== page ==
Thursday, December 17, 2020

Beethoven's Birthday and Chanukah

See, the conqu'ring hero comes!
Sound the trumpets! Beat the drums!
Sports prepare! The laurel bring!
Songs of triumph to him sing!

George Friedrich Handel's Oratorio Judas Maccabaeus was written to celebrate a British victory in 1746. However, as the Maccabees are also the heroes of Chanukah, it is also an appropriate piece of music for the holiday. The eight candles of Chanukah represent the miracle that took place after the Maccabee victory commemorated in the Oratorio: the oil for the rekindled lights of the temple lasted eight days when it seemed only enough for one day. The image above is a drawing of Judas Maccabee by Israeli artist Arthur Szyk.

Beethoven's birthday is traditionally celebrated on December 16, though what's really known is that he was Baptized on December 17, 1770. To celebrate his 250th birthday, Classical radio stations have been playing Beethoven's music all during this week, and I've enjoyed it. I'm a really big fan of Beethoven, so to celebrate both his birthday AND Chanukah this week, I'm sharing a recording of his variations on a theme by Handel from the oratorio Judas Maccabaeus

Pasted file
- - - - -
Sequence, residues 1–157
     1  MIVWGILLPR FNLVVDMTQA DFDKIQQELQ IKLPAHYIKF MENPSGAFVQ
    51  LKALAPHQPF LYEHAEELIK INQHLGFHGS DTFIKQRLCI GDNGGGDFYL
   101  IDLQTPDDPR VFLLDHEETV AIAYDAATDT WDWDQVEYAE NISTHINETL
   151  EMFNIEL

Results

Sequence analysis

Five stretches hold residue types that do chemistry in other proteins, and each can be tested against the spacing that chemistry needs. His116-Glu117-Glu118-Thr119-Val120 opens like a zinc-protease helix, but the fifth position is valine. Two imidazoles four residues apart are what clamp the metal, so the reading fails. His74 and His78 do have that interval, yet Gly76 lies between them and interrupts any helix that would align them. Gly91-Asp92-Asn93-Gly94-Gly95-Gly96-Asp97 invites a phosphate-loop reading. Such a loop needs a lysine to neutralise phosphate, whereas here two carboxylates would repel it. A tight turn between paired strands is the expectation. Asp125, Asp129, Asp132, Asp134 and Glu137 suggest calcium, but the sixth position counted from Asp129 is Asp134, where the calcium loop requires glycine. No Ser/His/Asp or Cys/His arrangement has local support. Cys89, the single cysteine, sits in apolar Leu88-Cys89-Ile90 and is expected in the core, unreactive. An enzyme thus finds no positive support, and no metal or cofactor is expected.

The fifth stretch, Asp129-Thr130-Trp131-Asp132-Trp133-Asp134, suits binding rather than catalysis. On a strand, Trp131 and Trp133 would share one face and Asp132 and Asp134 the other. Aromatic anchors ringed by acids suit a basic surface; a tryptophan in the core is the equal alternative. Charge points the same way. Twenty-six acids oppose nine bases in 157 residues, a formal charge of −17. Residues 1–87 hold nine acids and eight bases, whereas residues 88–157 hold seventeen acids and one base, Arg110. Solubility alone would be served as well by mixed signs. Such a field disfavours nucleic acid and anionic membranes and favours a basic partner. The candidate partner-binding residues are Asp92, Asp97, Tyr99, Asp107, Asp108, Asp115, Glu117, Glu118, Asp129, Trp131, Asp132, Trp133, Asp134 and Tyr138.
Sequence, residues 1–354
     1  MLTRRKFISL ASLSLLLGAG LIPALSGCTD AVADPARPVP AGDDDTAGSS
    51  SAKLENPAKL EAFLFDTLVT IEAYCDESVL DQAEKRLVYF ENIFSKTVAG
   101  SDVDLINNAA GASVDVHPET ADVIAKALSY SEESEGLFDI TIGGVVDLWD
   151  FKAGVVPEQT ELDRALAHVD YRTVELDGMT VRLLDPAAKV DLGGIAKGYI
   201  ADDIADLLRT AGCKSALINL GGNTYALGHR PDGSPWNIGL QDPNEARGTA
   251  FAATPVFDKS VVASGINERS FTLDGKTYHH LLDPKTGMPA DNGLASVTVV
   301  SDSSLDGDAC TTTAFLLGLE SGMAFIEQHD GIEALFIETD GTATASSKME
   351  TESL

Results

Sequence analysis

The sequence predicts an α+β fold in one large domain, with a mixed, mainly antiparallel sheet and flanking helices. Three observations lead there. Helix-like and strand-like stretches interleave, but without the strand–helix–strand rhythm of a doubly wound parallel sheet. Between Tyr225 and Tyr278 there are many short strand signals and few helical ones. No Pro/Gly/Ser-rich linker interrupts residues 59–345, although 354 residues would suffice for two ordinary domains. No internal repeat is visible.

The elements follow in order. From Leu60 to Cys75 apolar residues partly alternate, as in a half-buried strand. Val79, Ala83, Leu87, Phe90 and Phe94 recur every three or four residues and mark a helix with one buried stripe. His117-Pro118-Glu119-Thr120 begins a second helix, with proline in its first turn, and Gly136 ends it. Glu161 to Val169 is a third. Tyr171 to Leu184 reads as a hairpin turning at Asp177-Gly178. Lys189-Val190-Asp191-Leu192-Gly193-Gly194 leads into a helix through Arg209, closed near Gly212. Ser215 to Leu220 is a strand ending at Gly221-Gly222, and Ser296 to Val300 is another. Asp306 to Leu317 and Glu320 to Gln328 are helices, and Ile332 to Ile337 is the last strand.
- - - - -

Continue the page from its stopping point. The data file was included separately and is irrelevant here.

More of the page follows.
12 Variations for Cello and Piano on "See the conqu'ring hero comes"

Blog post © 2020 mae sander, images as credited.


Anne in the kitchen said...

Thank you for sharing the video, the music just beautiful. Also thank you for the info on Chanukah. I

Deb Nance at Readerbuzz said...

Perfect pairing.

My name is Erika. said...

I didn't know this story about Hanukah. It is really fascinating.

Jeanie said...

I heard a lot of Beethoven on WKAR yesterday. I hope you and Len had a lovely Hanukkah -- albeit a different one from years past. On one night I did have my Trader Joe latkes -- not the same as real ones, but in a pinch!

gluten Free A_Z Blog said...

Thank you for sharing the video- I love classical music and especially Beethoven. I enjoyed listening to it.